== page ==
To my regret you have acted, spoken and written under the influence of others and [on their instigation] have held public speeches and sent messages to the judiciary. In the interests of the nation, I expect you, for many years my friends […] to clean your house of its relations to Seyyed Mehdi and to refrain from any reaction to the trial against him, which will surely end with his condemnation.”
On October 9th, Montazeri responded to Khomeini by taking responsibility for Hashemi’s actions, telling Khomeini he could find a different successor. Then three days later Hashemi and forty others were arrested. It was only after Hashemi’s arrest that associates of Hashemi and Montazeri approached Hassan Sabra at Beirut’s Ash-Shiraa with enough details to provoke scandal. The exposure might be better understood, then, as also Montazeri’sleak, rather than just Hashemi’s: Hashemi was already in prison at the time of publication. The timeline of the arrest and exposure presents the leak as Montazeri’s attempt to protect Hashemi, or failing that, to retaliate against his arrest by exposing the sensitive secrets of the regime.
Aftermath: An Execution and Montazeri’s Fall
Although public outrage followed the exposure of the deals in both countries, in Iran the affair did not become the full-blown scandal it did in the United States. In fact, the political repercussions for those Iranian officials involved in the deals were next to none. There is a certain parallel in the successes of both American and Iranian officials in avoiding any meaningful repercussions for their deals or secrecy: in the United States, despite the television drama that ensued during Congressional hearings, George H.W. Bush, upon entering office, pardoned all officials involved (he himself had been a participant), while Rafsanjani’s group employed the incident to their distinct political advantage.
Hashemi was executed a year later after his televised confession to “deviation” from the official path. Eight months of interrogation and torture forced him to recant his politics, to confess that “carnal instincts (nafsaniyat) had enticed him into illicit relations (ravabat) with Satan/SAVAK,” causing him to “sow dissension” and “misuse Montazeri’s office.” The sensationally televised confession, reaching an almost Stalinist level of absurdity, broadcast the danger of political disobedience even within the confines of Islamist politics. Though the state denied it, the show-trial confession and execution most certainly resulted from the Ash-Shiraa exposure. The impact of the exposurewas both individual and collective, both immediate and enduring in its repercussions.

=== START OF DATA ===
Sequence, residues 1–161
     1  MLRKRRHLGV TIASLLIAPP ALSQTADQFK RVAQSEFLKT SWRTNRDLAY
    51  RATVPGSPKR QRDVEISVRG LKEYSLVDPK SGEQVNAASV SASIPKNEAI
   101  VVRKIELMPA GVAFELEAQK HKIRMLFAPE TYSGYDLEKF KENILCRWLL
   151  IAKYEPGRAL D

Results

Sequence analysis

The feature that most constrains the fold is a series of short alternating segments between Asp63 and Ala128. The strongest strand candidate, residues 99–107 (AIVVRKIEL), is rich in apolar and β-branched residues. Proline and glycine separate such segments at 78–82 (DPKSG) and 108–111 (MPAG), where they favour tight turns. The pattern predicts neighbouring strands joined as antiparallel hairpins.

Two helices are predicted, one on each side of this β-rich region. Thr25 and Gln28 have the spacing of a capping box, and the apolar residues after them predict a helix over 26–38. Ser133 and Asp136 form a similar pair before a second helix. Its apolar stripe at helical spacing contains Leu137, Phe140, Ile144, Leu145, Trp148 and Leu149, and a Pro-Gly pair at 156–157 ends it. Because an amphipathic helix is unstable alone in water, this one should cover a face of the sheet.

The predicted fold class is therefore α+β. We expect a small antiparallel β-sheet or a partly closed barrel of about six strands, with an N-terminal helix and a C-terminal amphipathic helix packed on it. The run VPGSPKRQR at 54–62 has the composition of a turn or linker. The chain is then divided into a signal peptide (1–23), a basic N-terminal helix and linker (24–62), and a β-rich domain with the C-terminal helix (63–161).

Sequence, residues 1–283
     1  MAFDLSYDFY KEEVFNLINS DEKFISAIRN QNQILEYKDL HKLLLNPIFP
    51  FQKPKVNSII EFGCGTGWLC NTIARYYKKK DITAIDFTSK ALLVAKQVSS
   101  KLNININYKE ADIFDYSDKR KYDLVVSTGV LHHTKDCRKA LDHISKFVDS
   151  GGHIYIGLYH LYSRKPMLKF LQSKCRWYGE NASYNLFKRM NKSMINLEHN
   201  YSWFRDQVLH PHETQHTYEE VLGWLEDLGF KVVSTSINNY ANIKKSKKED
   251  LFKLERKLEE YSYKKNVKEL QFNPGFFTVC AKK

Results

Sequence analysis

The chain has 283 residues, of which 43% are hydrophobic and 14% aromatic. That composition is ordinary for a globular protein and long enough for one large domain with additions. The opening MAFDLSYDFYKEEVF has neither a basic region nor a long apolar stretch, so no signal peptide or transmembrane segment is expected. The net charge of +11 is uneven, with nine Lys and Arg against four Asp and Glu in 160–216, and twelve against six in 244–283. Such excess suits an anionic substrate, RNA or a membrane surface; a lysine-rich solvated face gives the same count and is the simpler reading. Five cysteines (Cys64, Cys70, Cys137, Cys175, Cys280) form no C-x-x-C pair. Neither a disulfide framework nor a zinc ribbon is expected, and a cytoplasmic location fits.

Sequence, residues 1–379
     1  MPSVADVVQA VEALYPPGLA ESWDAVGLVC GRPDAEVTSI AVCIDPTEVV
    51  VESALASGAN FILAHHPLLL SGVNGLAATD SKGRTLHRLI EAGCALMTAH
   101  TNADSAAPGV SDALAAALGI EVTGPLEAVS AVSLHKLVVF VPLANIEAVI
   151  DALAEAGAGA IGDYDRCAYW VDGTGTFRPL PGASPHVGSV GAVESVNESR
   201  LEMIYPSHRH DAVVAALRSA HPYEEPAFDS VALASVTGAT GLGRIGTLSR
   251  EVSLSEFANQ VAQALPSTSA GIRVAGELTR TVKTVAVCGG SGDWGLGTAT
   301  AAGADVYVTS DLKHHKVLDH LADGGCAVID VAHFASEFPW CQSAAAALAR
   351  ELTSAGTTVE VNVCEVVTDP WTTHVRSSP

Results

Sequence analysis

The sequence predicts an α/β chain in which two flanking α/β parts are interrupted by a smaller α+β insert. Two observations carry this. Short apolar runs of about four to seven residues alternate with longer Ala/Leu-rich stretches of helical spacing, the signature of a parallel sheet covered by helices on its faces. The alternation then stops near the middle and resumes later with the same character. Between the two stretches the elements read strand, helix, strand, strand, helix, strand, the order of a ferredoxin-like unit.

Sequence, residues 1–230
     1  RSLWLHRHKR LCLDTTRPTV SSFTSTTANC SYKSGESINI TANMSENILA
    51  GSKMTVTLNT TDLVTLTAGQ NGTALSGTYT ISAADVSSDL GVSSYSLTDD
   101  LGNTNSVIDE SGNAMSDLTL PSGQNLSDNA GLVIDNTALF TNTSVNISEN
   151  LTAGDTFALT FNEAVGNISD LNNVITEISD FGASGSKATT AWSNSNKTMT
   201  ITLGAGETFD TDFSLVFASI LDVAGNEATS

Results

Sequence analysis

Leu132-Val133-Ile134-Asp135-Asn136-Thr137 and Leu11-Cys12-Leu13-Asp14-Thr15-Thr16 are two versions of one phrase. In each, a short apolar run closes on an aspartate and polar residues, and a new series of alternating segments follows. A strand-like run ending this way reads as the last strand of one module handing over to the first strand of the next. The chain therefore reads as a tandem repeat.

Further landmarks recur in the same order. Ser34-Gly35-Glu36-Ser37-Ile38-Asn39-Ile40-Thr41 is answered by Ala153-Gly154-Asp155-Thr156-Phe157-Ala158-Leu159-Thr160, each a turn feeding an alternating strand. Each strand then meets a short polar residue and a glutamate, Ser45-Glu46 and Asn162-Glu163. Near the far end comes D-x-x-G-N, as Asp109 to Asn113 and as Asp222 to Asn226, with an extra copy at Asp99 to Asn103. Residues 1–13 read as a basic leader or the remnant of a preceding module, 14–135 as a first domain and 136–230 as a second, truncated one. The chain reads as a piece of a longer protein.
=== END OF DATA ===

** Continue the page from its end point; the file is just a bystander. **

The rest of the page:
Hashemi’s rebelliousness had not only cost him his life, but it had also profoundly shaken the close relationship between Khomeini and Montazeri, as Montazeri defended Hashemi and challenged the Supreme Leader. The ensuing strain in their relationship contributed to Montazeri’s fall from power. Upon Khomeini’s death in 1989, Ali Khamenei, though he lacked equivalent religious credentials, was selected as Khomeini’s successor and Rafsanjani became President. It is worth considering the future that might have been in Montazeri’s Iran: after Montazeri had been chosen as successor, “in a series of lectures on velayat-e faqih [he] set out to reinterpret this doctrine in order to allow for more popular participation and political freedom.” After years of privately voicing criticism to Khomeini, particularly regarding abuses in courts and prisons, in Khamenei’s Iran, Montazeri became one of the regime’s fiercest critics, coming to “prioritize civil rights, pluralism, and popular participation.” The Ash-Shiraa leak contributed to Montazeri falling from a position of power to one of dissent.
The leak, then, contains a multitude of possibilities: what if Montazeri had succeeded Khomeini, or the United States had enacted meaningful reforms of its national security process to bring the decisions of the executive under meaningful scrutiny and review, or, perhaps, the deals had succeeded. A close examination of this history begins bringing these possibilities, otherwise elided, to light as it seeks to correct the easy narrative that Hashemi was arrested for exposing the arms deals. It constructs a careful timeline based on Ash-Shiraa and other primary sources that places Hashemi’s arrest within a broader struggle between his forces of permanent, international revolution and those of the state. His arrest constituted an attempt by Rafsanjani and Reyshahri to bring the activities of the Office of Islamic Liberation movements under control while weakening Montazeri. This story, too, is part of the factional struggle between Montazeri and Rafsanjani that Montazeri ultimately lost. This is a story that the English-language literature on “Iran-Contra” has too often ignored entirely, the history lost within the intrigue of TOW shipments, cakes, keys, bibles, and the televised drama that followed. But without Hashemi’s story, the history is incomplete and the agency of Iranians and the dynamic politics of the time more easily forgotten.